Hypothalamic Insulin Signaling Is Required for Inhibition of Glucose Production

Nat Med. 2002 Dec;8(12):1376-82. doi: 10.1038/nm1202-798. Epub 2002 Nov 11.

Abstract

Circulating insulin inhibits endogenous glucose production. Here we report that bidirectional changes in hypothalamic insulin signaling affect glucose production. The infusion of either insulin or a small-molecule insulin mimetic in the third cerebral ventricle suppressed glucose production independent of circulating levels of insulin and of other glucoregulatory hormones. Conversely, central antagonism of insulin signaling impaired the ability of circulating insulin to inhibit glucose production. Finally, third-cerebral-ventricle administration of inhibitors of ATP-sensitive potassium channels, but not of antagonists of the central melanocortin receptors, also blunted the effect of hyperinsulinemia on glucose production. These results reveal a new site of action of insulin on glucose production and suggest that hypothalamic insulin resistance can contribute to hyperglycemia in type 2 diabetes mellitus.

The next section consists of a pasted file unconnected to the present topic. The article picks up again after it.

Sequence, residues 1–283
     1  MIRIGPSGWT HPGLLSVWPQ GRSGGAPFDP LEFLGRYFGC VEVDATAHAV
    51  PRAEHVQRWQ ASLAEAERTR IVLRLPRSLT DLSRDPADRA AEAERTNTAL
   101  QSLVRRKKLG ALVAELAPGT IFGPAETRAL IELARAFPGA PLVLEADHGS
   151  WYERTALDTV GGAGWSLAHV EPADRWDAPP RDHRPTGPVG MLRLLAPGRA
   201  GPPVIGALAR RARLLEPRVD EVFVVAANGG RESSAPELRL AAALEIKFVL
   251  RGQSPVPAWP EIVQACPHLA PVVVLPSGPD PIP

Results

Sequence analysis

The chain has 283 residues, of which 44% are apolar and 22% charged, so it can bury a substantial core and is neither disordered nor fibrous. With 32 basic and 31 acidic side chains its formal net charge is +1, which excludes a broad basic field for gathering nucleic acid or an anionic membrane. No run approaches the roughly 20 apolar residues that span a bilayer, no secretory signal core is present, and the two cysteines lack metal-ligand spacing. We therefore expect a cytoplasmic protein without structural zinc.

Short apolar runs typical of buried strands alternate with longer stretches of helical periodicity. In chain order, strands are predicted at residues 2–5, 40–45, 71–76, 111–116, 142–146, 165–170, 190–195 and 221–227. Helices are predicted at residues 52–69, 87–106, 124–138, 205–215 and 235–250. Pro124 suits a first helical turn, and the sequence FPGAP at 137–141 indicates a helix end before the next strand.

Publication types

  • Research Support, Non-U.S. Gov't
  • Research Support, U.S. Gov't, P.H.S.

MeSH terms

  • Animals
  • Diabetes Mellitus, Type 2 / etiology
  • Glucose / biosynthesis*
  • Hypothalamus / drug effects*
  • Hypothalamus / physiology
  • Insulin / pharmacology*
  • Male
  • Potassium Channel Blockers / pharmacology
  • Rats
  • Rats, Sprague-Dawley
  • Receptors, Corticotropin / antagonists & inhibitors
  • Receptors, Melanocortin

Substances

  • Insulin
  • Potassium Channel Blockers
  • Receptors, Corticotropin
  • Receptors, Melanocortin
  • Glucose